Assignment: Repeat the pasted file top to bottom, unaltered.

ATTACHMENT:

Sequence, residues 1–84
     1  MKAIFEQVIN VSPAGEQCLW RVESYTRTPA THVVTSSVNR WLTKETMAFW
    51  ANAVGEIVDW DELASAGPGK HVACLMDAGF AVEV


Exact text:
Sequence, residues 1–84
     1  MKAIFEQVIN VSPAGEQCLW RVESYTRTPA THVVTSSVNR WLTKETMAFW
    51  ANAVGEIVDW DELASAGPGK HVACLMDAGF AVEV